A recent article in the Christian Science Monitor questions how well U.S. colleges are maintaining their position as the global "gold standard" in education.
With an abundance of crises facing America's higher education system, from unrealistic tuition prices to curricular cutbacks, it seems the U.S.'s college stronghold is weakening.
The Monitor reports that many high-quality American professors are leaving U.S. universities for ones overseas, boosting their rankings and possibly "fueling a crisis of confidence in American higher education." Universities in Hong Kong and Singapore are eager for U.S. academic talent -- and willing to support it.
What's more, international students in the U.S. are laying claim to a "disproportionately large" contribution to the American system:
In 2009-10 they contributed $18 billion to the economy, according to estimates by the National Association of International Educators. That's the equivalent of 60 percent of US Department of Education spending on higher education in 2008, and a little more than it spent on student financial aid.
Foreign-born students are also gaining ground in terms of innovation: according to the National Science Foundation, nearly 70 percent of engineering PhDs in 2006 went to international students, and the number of foreign-born entrepreneurs starting and running successful companies is on the rise.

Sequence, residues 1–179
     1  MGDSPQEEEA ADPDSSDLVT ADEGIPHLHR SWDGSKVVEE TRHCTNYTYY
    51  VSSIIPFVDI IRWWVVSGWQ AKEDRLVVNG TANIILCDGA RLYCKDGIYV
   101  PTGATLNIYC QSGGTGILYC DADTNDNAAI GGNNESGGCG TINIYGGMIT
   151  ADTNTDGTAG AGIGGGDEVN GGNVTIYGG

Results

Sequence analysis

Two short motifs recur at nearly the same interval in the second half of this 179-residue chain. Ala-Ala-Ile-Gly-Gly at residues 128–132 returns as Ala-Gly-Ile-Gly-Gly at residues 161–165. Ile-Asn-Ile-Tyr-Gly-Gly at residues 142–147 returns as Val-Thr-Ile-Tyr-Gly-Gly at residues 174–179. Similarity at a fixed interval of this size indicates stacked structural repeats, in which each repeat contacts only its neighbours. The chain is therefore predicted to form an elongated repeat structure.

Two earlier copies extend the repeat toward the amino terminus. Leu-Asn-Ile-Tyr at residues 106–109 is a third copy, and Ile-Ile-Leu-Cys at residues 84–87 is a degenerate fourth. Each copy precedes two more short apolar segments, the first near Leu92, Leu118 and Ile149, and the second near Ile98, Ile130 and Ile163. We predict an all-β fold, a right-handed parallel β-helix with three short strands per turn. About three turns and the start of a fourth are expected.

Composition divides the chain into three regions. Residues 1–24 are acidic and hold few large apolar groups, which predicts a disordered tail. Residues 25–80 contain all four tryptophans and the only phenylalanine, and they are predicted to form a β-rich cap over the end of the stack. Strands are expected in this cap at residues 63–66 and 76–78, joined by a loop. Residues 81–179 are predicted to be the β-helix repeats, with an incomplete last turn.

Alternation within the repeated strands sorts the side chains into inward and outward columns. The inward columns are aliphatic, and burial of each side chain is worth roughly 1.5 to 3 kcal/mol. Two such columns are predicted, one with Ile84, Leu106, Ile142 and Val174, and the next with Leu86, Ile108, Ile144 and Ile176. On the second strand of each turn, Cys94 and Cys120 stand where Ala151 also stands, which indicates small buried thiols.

Experts are split on what this all means for American schools -- will the recovering economy allow colleges time to rebound, or will it only get worse from here?
The Monitor boils down both sides of the argument:
The optimists hope that such changes are part of a revolution: that colleges and universities will become more transparent, politicians will recognize higher education as a pressing social and economic issue, and taxpayers will understand that supporting quality higher education benefits all.
Otherwise, pessimists worry, bright minds with shallow pockets will not get access to the education they need to develop into tomorrow's engineers, inventors, and entrepreneurs; the US will be wasting its most precious resource; and, as Carey puts it, "we will have nowhere to go but down."
What do you think? With American colleges the way they are, would you consider going overseas to teach or study? Weigh in below.